MEDIATE presents

Soundwave ((5)) : SonicPlace Exhibition at Intersection for the Arts

Sound Installations and Exhibits by UC Santa Cruz’s OpenLab/Mechatronics Group

Event has passed (Sat Jul 14, 2012 - Fri Sep 28, 2012)
Galleries, Mixed Media


Sound Installations and Exhibits by UC Santa Cruz’s OpenLab/Mechatronics Group

SonicSpace is an innovative site-specific sound installation and exhibition created by Professor Jennifer Parker with the Digital Arts and New Media Program (DANM) Mechatronics Project team and OpenLab at the University of California Santa Cruz. As part of a research collaboration between artists and scientists, SonicPLACE activates place through participation with sound, mechanical devices and interactive play at the Chronicle Building in San Francisco.

The installations react to light, movement, and sound, capturing data and producing a tangible residue of the imprint we leave just by being human. SonicSpace takes over the thorough-ways where people pass through: the front entryway, hallways, and even some of the windows of the building structure, involving both specific visitors to the site and random passers-by, and asking us, “How do we perceive our invisible connections to the world around us, and at what level are we even aware of them?” SonicSpace aims to bring questions like these to the forefront of our consciousness, and show us that even when we believe we’re moving in isolation, we are still interacting with the world as a whole.

SonicSpace runs continuously for three months from July to September 28, 2012. Admission and viewing is free and open to the public.

Location: Intersection for the Arts, 925 Mission Street, San Francisco
Time: Gallery hours 12:00 to 6:00p

Jennifer Parker is the Director and Co-founder of Openlab and a Professor of Art and Digital Art and New Media at the University of California Santa Cruz. Parker’s research is rooted in sculpture, interactive art, new media, and kinetic art, including cross-disciplinary and collaborative research. Current projects explore new methodologies for art making that engage innovative, creative and collaborative research with art, community, design, technology, and science.

Lyès Belhocine is an African artist whose work is at the intersection of design and technological puzzling. His interactive installation work often explores relationships between people, history and multicultural dialogue through the use of music, video and other visuals.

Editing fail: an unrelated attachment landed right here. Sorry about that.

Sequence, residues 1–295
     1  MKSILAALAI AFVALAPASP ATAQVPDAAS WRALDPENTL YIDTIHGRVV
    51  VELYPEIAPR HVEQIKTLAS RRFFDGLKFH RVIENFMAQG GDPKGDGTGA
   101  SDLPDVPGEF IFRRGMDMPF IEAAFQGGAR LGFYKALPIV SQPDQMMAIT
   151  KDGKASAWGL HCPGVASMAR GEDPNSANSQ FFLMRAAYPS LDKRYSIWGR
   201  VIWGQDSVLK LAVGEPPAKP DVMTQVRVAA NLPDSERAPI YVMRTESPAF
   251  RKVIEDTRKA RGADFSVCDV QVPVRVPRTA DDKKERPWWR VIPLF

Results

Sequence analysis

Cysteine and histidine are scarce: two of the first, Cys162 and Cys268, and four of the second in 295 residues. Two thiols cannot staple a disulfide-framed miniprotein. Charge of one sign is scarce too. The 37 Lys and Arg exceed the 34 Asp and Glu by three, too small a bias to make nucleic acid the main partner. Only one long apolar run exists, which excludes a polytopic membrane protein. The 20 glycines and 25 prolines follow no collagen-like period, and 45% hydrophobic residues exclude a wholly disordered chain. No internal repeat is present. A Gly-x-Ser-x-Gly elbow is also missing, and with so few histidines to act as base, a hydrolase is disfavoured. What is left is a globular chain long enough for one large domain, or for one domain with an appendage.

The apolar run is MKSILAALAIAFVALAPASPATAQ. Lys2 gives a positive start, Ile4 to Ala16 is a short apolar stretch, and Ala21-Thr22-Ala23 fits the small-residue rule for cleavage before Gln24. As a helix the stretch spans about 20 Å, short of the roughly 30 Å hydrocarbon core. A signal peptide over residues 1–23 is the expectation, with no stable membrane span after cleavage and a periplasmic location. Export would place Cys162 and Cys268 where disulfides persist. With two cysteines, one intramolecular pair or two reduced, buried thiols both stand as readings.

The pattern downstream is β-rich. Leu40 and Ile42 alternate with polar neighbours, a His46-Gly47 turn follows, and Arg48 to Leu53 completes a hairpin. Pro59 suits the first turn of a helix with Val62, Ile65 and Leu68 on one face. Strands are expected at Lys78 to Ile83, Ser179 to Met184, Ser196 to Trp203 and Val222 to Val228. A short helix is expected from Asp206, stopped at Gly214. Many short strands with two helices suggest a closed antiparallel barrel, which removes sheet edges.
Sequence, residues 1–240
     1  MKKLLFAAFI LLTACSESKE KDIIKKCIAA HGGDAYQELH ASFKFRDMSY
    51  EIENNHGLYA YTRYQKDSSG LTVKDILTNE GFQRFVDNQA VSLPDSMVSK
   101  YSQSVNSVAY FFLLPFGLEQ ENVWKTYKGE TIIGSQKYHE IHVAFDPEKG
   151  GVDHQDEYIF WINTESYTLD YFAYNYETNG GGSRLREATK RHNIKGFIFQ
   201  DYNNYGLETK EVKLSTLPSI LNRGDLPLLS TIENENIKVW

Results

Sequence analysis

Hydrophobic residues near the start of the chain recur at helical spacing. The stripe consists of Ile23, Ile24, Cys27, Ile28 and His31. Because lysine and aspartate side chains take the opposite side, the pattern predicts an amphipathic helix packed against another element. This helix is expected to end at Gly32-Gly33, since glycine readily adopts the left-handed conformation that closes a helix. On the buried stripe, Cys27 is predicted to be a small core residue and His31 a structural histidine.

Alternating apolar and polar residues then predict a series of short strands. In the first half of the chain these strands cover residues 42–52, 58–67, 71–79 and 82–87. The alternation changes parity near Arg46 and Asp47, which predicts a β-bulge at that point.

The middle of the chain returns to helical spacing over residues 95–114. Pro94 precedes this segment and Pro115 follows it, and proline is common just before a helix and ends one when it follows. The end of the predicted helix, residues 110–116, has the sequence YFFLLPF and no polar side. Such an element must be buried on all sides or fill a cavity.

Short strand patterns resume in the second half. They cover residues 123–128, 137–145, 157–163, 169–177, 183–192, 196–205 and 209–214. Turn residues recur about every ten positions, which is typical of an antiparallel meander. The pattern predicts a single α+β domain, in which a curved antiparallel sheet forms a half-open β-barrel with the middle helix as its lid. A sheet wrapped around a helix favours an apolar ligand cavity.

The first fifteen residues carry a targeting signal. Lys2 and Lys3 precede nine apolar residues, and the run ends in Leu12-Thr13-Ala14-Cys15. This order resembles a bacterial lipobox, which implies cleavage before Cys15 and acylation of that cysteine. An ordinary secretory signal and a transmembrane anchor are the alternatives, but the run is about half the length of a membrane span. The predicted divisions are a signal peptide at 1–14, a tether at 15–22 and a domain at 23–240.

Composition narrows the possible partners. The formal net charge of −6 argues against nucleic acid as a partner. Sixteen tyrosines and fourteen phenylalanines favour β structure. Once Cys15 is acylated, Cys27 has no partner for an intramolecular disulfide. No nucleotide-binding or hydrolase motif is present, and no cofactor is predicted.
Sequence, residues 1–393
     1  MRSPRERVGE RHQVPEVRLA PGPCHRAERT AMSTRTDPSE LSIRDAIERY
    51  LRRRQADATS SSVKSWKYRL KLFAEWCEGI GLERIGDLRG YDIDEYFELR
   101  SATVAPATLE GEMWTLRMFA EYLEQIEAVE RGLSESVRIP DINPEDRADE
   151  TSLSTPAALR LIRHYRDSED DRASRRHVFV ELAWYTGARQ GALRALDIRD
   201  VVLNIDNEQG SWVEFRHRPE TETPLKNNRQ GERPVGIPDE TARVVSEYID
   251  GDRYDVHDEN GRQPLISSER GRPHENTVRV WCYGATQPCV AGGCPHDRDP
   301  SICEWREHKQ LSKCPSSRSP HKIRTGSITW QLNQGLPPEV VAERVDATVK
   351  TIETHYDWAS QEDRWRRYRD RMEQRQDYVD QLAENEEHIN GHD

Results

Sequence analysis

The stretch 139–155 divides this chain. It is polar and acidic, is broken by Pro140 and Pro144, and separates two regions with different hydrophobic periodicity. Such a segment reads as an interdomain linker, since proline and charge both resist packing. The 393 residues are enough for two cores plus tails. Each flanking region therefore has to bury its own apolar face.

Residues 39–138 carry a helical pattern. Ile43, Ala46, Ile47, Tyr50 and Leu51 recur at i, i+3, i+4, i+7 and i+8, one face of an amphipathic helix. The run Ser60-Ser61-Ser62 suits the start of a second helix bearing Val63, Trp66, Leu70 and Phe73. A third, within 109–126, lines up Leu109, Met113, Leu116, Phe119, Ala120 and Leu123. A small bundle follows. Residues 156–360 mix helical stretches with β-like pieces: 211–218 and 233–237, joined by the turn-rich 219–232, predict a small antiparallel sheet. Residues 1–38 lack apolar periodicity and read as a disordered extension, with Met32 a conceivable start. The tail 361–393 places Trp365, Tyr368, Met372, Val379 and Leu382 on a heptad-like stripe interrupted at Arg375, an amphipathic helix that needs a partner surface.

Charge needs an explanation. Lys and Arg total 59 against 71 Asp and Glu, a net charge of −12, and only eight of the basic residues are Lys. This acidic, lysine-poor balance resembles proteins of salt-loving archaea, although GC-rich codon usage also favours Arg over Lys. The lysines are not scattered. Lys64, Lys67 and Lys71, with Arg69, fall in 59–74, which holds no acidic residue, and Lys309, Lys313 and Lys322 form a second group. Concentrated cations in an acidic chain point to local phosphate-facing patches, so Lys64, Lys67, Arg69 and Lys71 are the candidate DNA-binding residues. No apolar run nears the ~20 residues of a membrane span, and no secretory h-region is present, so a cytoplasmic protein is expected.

Chris Cravey’s sculpture-based media is focused on engagement with the past. Over the last few years, the fabrication of metal and wood based pieces has driven this pursuit. His work creates layered links to the past, begging questions of practicality and modern significance of historical items in relation to the human experience.

Drew Detweiler is an interdisciplinary artist that brings his experience as a Theater of the Oppressed activist to interaction design. His intuitive interfaces encourage social interaction and participatory play in public spaces.

Derek Franz is an emergent technology artist currently creating interactive machine works for UCSC’s DANM program. Currently he facilitates the development of a modular LED array for performance and interactive audience installation capabilities in street, gallery and semi-permanent installation.

Amy Boewer and Jack L. O’Niell are co-founders of UCSC OpenLab and GirlBoy Media. They work as a creative team to develop interactive art through collaboration with science, design, culture and technology.

Jonathan Hoefs is a Sound Artist who uses granular synthesis sound art created via a complex DNA translation engine to literally “bring alive” DNA. The changing interactive soundscape invites listeners into a realm that reflects their own diversity, unity, alienation, as well as the inescapable immediacy of being: a gestalt of humanity in the modern age realized through sound.

Jasen Levoy is a fabricator and designer of machines for interactive art and kinetic artworks within the Mechatronics project group at UCSC. He is interested how sets of cams, cogs, belts, gears, and motors can be utilized by artists to create collaborative endeavors of culture and public engagement.

Andre Marquetti is a UCSC doctorate student in computer algorithmic music and has worked for the most part as a composer, saxophonist performer in Chicago. He holds a Master degree in experimental composition from Wesleyan University where he studied with Anthony Braxton and Alvin Lucier.

Sudhu Tewari has been called a professional bricoleur, junkyard maven and young audio-gadgeteer. He builds audio electronics, acoustic instruments, kinetic sculptures, interactive installations, and sound art. Tewari is currently pursuing PhD at UC Santa Cruz in the Cultural Musicology program also works as a project manager for OpenLab at UCSC, a network for collaborative discourse fueled by academic communities, arts and science communities, and industry.

Leslie Thompson is a developing artist interested the Mechatronics group as fabricator who specializes in sculpture. She has experience with welding, sewing, wood, and other sculptural methods. She considers herself an “on call” fabricator and is willing to do what it takes to make someone else’s mental picture a reality.

Oliver Whitcroft is an audio-visual undulation manipulator focusing in the realms of radio, analogue amalgamation and image concoction. He studies art and music and has spent time with photography, video, animation and drawing. Pixel and grain interpolations of the world are similar in approach to much of the sample heavy compositions and live music that he creates with his MPC 2000xl sampler.


Intersection for the Arts
925 Mission Street, Suite 109
San Francisco, CA
Event has passed

More Info

Contact Form (account required)



  1. Intersection for the Arts
    925 Mission Street, Suite 109, San Francisco, CA